by Jamie Brisick
It’s depicted beautifully in the movie Big Wednesday. The surf shop as community outpost, local hang, stopover between swells.
Out front, a kid tic tacs on a primitive-looking skateboard. Behind him, bold graphics on the signage, surfboards gleaming in the front window. Inside, more gleaming surfboards, racks of T-shirts and boardshorts, a row of wetsuits. There’s the quintessential tow-headed gremmie. There’s a dude pawing the boards, maybe pulling one out from the rack and holding it underarm. There’s Bear, the sage, the mentor, the soothsayer, getting measured up for a suit. And then there’s Matt Johnson, hottest surfer at The Point. The air in the room shifts just a little when he walks in. The kids look at him with awe and respect. A hierarchy, a code, a set of customs and mores—it all happens at the surf shop.
The above scene takes place in the sixties, but it hasn’t changed much. The local surf shop is still a great hang. Swells are discussed. Board design is bandied. Owen Wright’s standup barrel at Cloudbreak is parsed. The smell of fiberglass, wetsuit, and wax. You inevitably stay for much longer than planned. For surfers, the local surf shop has a welcoming, homey vibe.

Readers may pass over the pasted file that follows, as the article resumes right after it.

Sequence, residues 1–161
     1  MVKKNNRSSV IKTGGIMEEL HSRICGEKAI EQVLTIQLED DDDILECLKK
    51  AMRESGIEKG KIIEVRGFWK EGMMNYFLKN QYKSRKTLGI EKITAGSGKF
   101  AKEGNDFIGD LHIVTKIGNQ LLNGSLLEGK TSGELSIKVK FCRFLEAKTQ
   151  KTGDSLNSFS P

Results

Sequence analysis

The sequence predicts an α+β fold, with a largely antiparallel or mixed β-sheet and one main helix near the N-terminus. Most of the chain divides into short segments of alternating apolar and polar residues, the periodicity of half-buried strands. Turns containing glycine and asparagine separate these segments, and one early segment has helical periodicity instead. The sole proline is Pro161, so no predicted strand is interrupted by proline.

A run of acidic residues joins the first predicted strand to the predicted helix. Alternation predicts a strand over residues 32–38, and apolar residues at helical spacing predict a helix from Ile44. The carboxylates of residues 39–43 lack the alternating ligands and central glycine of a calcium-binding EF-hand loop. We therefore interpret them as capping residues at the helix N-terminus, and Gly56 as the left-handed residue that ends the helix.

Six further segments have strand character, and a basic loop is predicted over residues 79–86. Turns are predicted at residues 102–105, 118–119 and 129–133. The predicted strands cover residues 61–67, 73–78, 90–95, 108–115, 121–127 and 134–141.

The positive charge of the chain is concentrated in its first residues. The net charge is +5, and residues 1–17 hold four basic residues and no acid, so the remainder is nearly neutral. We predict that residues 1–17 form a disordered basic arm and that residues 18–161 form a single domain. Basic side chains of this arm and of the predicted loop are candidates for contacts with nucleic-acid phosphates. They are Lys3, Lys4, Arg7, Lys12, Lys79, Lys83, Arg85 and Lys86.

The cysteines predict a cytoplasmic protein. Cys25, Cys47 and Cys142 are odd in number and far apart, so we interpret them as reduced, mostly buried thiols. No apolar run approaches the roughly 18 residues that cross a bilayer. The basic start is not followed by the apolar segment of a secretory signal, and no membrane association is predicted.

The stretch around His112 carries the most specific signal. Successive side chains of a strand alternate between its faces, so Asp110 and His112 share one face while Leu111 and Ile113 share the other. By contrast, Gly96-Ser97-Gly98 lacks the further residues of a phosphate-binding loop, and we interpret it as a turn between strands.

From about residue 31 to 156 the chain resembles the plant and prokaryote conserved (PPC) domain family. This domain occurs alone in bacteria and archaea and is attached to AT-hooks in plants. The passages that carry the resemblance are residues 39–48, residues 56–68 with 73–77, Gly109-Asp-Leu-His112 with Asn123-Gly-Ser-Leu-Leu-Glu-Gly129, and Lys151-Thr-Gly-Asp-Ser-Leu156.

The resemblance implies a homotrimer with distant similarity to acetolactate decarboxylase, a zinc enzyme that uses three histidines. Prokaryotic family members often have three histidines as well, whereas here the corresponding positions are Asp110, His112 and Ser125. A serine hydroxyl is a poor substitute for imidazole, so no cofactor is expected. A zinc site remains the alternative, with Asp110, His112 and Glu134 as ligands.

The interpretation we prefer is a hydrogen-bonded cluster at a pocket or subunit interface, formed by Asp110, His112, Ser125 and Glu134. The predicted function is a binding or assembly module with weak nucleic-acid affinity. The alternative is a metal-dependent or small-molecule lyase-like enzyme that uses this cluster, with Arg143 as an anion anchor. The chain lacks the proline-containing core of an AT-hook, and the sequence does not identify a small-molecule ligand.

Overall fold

Then there are the photos on the walls. Not Dane, not Kelly, but (insert hot local’s name), dropping into the wave of the year at a spot you know, a spot that you may have even surfed that morning. And such-and-such pulling into a barrel at that mysto wave you drive by everyday, but that breaks only three or four times a year. The surf shop is a microcosm of the surf mags, it’s a little shrine to the surfing dream, decorated in people, places, and things that are close to the heart.
And the staff? Friendly, cordial, customer-is-always right, but also skeptical in a healthy way. They can sniff out the phony.
A story from a surf shop in Santa Monica, circa mid-sixties: Gidget has exploded, surf fever has struck Southern California, once locals-only spots are packed with hodads and valley cowboys. A sandy blond-haired fellow in an Aloha shirt peruses the boards. He brings a ten-foot noserider up to the counter. “I’d like to buy this,” he says. “And I’m in the Beach Boys. How about giving me a deal?”
The kid behind the counter sniggers. “How about I just not sell it you at all.”
We are very pleased to announce the opening of Birdwell's first ever retail shop, in Manhattan Beach, CA. Come visit. We have boardshorts, wax, and nothing but good vibes.
The Dazzling Blue is a series of short pieces about things we do in boardshorts. It is written by Jamie Brisick. A Fulbright scholar and a lifelong surfer, Brisick has written several books about surf culture, including Have Board Will Travel: The Definitive History of Surf, Skate, and Snow and Becoming Westerly. He lives in NYC and rides a 5'10" Channel Islands Pod.